Many jobs require employees to work with customers or clients. Your students need to start developing their communication skills so they can successfully interact with customers when required to do so. The quality of customer service is an important factor clients consider when making decisions about where to shop or to do business. When an employee works with a customer, they are the face of the company they work for. When people think of a company, they often think about their experience working with that company’s employee.
Helping customers is not always easy. It requires patience and a calm and cheerful attitude. This can be difficult if the customer is upset about something. Regardless of the situation, your students should work on developing their people skills. In this post, we go through the following five step process for dealing with customers:
1. Recognize when a customer needs help
2. Listen to the customer’s question or request
3. Answering questions
4. Handling customer complaints
5. The customer is always right
Recognize When a Customer Needs Help
If customers need help finding something, they might not wait around very long for someone to help them. It is important to pay attention to customers and recognize when someone needs help. It never hurts to ask customers if you can help them with something. Some signs a customer needs help are:
- Wandering around the store without purpose or direction
- Confused look on the customer’s face
- Looking at a piece of paper and comparing it to a product
- Comparing two products
Listen to the Customer’s Question or Request
Once it becomes clear that a customer needs help, ask the customer if there is any way you can help. Listen carefully to the response. Sometimes a customer will need help and sometimes they will not need assistance. If the customer asks questions or explains a problem they are having, listen carefully. Then think about how to answer the question or help the customer with the problem. Making the customer feel important and valued is what this step is all about.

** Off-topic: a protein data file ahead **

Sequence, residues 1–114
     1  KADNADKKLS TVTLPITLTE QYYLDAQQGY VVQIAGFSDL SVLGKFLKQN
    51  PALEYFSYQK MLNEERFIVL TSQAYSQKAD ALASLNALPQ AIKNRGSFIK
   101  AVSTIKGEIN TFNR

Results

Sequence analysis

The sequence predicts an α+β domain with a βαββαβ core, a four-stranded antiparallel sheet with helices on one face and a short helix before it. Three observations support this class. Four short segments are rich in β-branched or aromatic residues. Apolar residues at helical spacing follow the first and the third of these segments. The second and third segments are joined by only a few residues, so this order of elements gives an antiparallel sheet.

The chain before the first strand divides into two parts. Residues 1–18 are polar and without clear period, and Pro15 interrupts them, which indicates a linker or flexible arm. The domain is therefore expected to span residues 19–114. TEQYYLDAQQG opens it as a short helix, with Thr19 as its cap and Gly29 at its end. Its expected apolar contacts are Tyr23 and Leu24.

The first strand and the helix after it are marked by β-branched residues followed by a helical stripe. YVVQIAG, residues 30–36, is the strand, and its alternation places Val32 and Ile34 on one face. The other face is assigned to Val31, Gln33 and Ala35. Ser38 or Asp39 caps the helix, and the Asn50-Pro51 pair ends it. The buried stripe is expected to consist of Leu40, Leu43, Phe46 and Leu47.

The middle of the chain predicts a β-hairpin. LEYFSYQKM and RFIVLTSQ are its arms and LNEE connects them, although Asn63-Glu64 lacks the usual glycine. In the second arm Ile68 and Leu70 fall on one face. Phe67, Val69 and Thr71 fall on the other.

Customers can have a wide variety of questions. There’s no way to know what types of questions customers might have. That’s why it’s important to know as much about the products and services the company sells as possible. Occasionally, a customer may ask a question to which you don’t know the answer. Be honest with the customer and say that you don’t know but work with them and find someone who does know the answer. After you have answered the customer’s questions, ask the customer if you’ve answered all of the questions or if more help is needed.
Handling Customer Complaints
Unfortunately, not every customer is a happy customer. Sometimes there will be customers who have a complaint or are not satisfied with a product or service. Handling customer complaints is one of the most difficult parts about customer service. In his book, If it Wasn’t for the Customers I’d Really Like This Job, Robert Bacal identifies four steps for dealing with customer complaints:
1. Control – Take control of the situation and let the customer know that you are ready to handle the problem
2. Acknowledge – Acknowledge, or explain that you completely understand the customer’s concerns
3. Refocus – Try to refocus away from the customer’s emotions and focus instead on how you’re going to fix the problem
4. Solve – Solve the problem and make sure that the solution is acceptable to the customer
The Customer is Always Right
This should be the default posture of staff whenever they are dealing with a customer. It can be difficult to accept this sometimes, but this mindset is key to keeping the customer satisfied, which is the goal of any business. Sometimes customers will be rude or have problems that are their own fault.
Try your best to keep a positive attitude with these customers. Most of the time they just want someone to listen to their problem, apologize, and find a solution to their problem. By staying calm and positive, you prevent the customer from becoming even more upset and you will be able to think clearly to come up with a good solution.
We hope you enjoyed this series on developing social skills in the workplace. Hopefully you’ve taken some useful things from our posts that can help your students get prepared for the workplace. Our new Functional Social and Emotional Learning Programs teach skills for Workplace Readiness, Personal Success and Personal Responsibility. If you would like to learn more about this new program, please click here for a free trial.